So there I am backstage at the Clayton Center for the Arts in Maryville, TN. I'm trying to stay focused on my solo that will be coming up in just a few minutes while the stage manager corrals my group in the wings. While I'm standing there, Stacy Phillips (Reso players, yeah, THAT Stacy Phillips) comes up and gives me some mic tips about the resophonic. "Let the mic point here--not there--and during your solo, step in and flatten the guitar out."
Then Ivan Rosenberg (yeah, THAT Ivan Rosenberg) gives me some reassurances that I'll do fine. While he's talking to me, Kenny and Amanda Smith go walking by me.
Then I hear them announcing my band and I hear them say my name. The handler herds us onstage. The sound technician positions the mic exactly where Stacy had said it should go. The mandolin player kicks it off and we do our song, "Love of the Mountains." My solo part comes up, I step forward a bit and turn my guitar a little flatter and away I go. Fifteen seconds later I'm done and the crowd applauds for me.
That was Friday, June 24, the last night of the Steve Kaufman Acoustic Kamp. At the start of the week, my class instructor asked us to go around and play a little so he could get a gauge on our relative skill levels. I completely froze up and could barely remember anything I had ever played. Eventually I stumbled through "Grandfather's Clock." So I signed up for the band scramble. That's where you put your name in an envelope for your instrument, and on Friday they randomly assign you to a band. You're given 45 minutes to come up with a vocal and an instrumental (along with a band name). Then the competition begins in front of all the other campers. That's one way to get over your fear of playing in front of others. What was I thinking? As it was, my group won and that earned us the distinction of getting added to the Friday night concert as the opening band.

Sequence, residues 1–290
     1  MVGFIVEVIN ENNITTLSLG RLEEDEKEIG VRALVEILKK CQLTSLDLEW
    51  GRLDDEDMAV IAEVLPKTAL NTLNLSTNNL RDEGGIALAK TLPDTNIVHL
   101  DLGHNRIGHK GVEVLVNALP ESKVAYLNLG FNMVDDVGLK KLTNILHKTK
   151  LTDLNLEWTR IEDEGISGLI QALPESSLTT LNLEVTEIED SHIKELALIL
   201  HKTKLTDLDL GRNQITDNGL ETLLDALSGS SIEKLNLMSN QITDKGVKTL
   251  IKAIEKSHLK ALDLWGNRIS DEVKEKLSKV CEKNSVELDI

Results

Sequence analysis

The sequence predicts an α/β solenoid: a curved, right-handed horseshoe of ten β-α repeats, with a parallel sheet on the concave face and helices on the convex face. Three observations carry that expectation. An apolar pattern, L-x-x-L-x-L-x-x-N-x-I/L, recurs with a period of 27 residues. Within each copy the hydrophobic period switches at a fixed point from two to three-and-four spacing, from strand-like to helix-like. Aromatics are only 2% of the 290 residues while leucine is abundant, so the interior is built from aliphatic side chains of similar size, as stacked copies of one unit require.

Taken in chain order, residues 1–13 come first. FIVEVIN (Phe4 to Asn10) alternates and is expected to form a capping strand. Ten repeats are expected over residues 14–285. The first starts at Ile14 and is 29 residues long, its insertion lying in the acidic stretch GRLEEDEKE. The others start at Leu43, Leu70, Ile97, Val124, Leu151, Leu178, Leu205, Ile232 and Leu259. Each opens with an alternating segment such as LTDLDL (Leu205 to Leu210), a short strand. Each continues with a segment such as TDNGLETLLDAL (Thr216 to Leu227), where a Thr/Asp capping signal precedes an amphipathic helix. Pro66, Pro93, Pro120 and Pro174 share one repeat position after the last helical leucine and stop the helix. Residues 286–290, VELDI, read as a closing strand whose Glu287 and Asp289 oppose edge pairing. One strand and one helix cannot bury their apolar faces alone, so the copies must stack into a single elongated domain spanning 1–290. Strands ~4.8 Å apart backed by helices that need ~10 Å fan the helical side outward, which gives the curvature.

Well, it all turned out well--as the beginning of this blog documented-- and it was the thrill of a lifetime to be on that stage (and to not screw up).
And it was the lesson of a lifetime. I am honored to have been surrounded by these great musicians and witness first hand their humility and ability to listen all week to students and encourage them. Their universal talent across the board was to hear a student play and filter it down to one thing the student was getting almost right. They ignored the good and the truly awful of what you did and went for the one thing that could make you better--the logical next step. And that's all it took.
My personal thanks to my instructors, Mike Witcher and Ivan Rosenberg, for neither berating me nor trying to make me great (in one week). Thanks for accepting the player I was and leaving me just a little better than when you first encountered me. And thanks for teaching me how to make that happen on my own now, week by week.
Did I say Wow?